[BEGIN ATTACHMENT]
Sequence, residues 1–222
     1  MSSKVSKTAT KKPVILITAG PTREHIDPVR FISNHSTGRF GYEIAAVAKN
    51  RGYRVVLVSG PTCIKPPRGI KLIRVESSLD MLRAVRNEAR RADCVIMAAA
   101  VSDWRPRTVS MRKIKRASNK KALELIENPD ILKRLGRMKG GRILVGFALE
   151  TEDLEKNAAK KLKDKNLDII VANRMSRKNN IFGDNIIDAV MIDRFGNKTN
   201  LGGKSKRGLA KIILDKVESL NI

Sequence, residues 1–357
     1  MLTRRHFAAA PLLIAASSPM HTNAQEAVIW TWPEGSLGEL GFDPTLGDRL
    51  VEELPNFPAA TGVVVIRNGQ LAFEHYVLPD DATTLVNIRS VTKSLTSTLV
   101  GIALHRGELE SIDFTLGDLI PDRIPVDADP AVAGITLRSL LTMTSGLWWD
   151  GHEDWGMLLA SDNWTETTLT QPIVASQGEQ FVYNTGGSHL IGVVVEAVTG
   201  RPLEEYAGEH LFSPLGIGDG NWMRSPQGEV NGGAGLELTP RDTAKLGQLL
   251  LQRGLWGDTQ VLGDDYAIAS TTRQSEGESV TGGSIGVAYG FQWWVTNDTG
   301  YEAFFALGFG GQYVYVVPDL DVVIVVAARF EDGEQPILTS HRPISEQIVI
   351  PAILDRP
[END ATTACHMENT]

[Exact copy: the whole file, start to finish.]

Sequence, residues 1–222
     1  MSSKVSKTAT KKPVILITAG PTREHIDPVR FISNHSTGRF GYEIAAVAKN
    51  RGYRVVLVSG PTCIKPPRGI KLIRVESSLD MLRAVRNEAR RADCVIMAAA
   101  VSDWRPRTVS MRKIKRASNK KALELIENPD ILKRLGRMKG GRILVGFALE
   151  TEDLEKNAAK KLKDKNLDII VANRMSRKNN IFGDNIIDAV MIDRFGNKTN
   201  LGGKSKRGLA KIILDKVESL NI

Sequence, residues 1–357
     1  MLTRRHFAAA PLLIAASSPM HTNAQEAVIW TWPEGSLGEL GFDPTLGDRL
    51  VEELPNFPAA TGVVVIRNGQ LAFEHYVLPD DATTLVNIRS VTKSLTSTLV
   101  GIALHRGELE SIDFTLGDLI PDRIPVDADP AVAGITLRSL LTMTSGLWWD
   151  GHEDWGMLLA SDNWTETTLT QPIVASQGEQ FVYNTGGSHL IGVVVEAVTG
   201  RPLEEYAGEH LFSPLGIGDG NWMRSPQGEV NGGAGLELTP RDTAKLGQLL
   251  LQRGLWGDTQ VLGDDYAIAS TTRQSEGESV TGGSIGVAYG FQWWVTNDTG
   301  YEAFFALGFG GQYVYVVPDL DVVIVVAARF EDGEQPILTS HRPISEQIVI
   351  PAILDRP